At Devon Avenue in Chicago, immigrants from India discovered a taste and comfort of their home country.
The area, commonly referred to as “Little India,” has served as a shelter for Indians who miss their culture.
Finding a home in it, Indians such as National Indo-American Museum board member Beverly Kumar, go there every now and then, especially when she craves Kalakand, a traditional Indian fudge.
According to Kumar, “It’s very comforting knowing that just 14 miles away from my house, there is an essence of Little India.” She also mentioned how reminiscing it is to see familiar sights, sounds, scents, and flavors when visiting Devon Avenue since it makes her feel as though she has never left home.
The area not only became a haven for Indians, but also for other South Asians who opened grocery stores, sari and jewelry stores, as well as many other enterprises in addition to food stores.
In the middle of 1960s, the place it became the second and fourth-largest enclave for Indian and Pakistani Americans, respectively.
The Federal Immigration and Naturalization Act of 1965 ushered in the first wave of South Asian immigration, which established settlements for South Asian professionals in Chicago, while the second phase arrived in the 1980s and 1990s.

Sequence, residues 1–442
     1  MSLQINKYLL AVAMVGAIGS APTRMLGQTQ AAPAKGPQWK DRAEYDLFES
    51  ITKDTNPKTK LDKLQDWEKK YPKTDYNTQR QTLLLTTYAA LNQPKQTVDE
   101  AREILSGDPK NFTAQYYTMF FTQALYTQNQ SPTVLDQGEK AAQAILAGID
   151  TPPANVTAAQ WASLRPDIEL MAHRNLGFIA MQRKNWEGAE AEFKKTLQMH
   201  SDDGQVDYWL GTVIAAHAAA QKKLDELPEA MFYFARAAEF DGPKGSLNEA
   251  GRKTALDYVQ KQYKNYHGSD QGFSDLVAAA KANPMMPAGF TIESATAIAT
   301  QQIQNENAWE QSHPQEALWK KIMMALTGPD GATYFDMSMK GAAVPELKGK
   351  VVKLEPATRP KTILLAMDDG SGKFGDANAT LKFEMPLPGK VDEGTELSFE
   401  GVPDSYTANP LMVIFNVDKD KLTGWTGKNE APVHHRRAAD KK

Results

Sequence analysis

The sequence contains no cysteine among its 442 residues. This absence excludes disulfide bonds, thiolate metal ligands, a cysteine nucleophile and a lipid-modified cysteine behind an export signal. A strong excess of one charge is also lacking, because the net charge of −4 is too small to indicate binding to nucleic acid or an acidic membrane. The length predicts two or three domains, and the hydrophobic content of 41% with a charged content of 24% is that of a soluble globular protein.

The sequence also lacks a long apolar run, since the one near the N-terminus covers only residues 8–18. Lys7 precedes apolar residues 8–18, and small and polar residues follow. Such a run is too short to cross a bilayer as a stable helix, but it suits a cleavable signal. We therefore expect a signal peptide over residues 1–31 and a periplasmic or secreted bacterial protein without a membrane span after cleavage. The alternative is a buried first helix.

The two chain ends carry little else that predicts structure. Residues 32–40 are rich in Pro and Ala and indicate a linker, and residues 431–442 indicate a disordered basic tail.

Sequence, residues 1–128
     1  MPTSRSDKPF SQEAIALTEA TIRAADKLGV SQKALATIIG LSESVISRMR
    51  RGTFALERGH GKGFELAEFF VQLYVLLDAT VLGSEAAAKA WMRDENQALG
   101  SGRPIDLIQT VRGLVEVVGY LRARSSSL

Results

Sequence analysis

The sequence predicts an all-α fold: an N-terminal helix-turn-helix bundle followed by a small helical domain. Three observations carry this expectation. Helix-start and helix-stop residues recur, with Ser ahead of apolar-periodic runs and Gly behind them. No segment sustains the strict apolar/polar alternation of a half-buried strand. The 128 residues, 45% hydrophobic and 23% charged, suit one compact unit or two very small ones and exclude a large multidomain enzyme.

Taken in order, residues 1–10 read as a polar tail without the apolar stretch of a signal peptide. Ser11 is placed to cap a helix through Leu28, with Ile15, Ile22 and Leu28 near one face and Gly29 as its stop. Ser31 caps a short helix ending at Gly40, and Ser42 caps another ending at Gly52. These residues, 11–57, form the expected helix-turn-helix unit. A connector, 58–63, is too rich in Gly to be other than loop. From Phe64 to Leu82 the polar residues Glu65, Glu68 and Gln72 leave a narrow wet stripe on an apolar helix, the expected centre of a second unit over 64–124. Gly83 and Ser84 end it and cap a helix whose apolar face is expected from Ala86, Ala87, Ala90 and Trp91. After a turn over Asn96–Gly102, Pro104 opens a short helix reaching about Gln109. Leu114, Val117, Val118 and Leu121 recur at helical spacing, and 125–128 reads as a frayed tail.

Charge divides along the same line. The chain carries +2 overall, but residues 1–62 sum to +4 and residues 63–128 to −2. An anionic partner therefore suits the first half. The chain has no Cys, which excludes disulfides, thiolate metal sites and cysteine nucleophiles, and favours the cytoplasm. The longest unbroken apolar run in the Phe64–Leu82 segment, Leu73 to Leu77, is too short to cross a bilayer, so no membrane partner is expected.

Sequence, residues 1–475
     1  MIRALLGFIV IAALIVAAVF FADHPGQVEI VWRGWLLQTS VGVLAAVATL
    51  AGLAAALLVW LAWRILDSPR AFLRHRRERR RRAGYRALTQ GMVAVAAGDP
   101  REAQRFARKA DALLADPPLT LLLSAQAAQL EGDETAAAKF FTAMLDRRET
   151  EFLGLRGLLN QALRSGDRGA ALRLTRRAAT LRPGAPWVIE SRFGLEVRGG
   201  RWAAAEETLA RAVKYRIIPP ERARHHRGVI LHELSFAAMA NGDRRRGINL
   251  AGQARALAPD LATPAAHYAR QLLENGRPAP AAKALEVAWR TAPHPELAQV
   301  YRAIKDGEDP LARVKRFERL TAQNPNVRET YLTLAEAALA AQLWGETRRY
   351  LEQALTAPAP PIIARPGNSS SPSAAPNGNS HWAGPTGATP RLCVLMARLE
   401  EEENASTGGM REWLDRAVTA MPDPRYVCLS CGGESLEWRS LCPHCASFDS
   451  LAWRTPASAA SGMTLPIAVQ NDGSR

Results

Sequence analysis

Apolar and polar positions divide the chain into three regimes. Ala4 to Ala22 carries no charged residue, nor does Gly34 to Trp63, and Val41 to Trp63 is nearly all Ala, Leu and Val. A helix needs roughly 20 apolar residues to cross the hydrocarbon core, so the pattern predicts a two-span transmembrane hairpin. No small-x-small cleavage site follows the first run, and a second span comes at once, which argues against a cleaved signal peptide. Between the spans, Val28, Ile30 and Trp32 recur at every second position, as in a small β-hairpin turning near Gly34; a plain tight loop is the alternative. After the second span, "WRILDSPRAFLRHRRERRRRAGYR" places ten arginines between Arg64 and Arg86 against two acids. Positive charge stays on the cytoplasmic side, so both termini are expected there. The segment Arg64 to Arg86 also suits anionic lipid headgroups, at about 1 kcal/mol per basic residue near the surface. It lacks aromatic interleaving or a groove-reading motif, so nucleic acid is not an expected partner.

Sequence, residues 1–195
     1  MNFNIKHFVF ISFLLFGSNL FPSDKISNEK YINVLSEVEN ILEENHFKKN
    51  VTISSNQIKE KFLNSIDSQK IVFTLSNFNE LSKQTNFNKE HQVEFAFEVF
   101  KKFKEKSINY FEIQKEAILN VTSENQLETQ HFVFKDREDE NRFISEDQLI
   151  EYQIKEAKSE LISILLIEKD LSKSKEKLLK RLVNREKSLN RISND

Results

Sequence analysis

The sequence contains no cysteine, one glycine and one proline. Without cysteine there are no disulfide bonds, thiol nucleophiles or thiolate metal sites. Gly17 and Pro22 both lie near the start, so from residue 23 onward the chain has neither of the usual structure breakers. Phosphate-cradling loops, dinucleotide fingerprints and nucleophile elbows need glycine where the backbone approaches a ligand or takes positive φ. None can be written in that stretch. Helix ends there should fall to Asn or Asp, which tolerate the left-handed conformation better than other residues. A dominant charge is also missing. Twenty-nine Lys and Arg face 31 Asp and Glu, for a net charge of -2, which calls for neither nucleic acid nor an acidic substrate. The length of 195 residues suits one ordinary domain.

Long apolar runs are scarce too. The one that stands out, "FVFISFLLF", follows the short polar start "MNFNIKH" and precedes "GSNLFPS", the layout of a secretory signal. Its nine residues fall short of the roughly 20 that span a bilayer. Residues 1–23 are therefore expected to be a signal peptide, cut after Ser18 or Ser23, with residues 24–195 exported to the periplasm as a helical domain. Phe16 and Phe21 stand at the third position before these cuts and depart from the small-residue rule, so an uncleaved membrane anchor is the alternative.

Psychotherapist Ranjana Bhargava was one of the first immigrants who yearned for vegan food and searched for spices to sate her craving for Indian cuisines, which she found at Mexican places.
Between the first and second waves, businesses such as The Sari Palace sari store and Indian grocery stores began to thrive there.
Since then, a new community has been created where Indians continue to practice their culture through activities like viewing Indian movies, getting together, playing instruments, performing traditional dances, and eating.
The once Jewish-dominated place became a mainly Indian community which captivated more visitors where one can meet not only Indians but people of different races.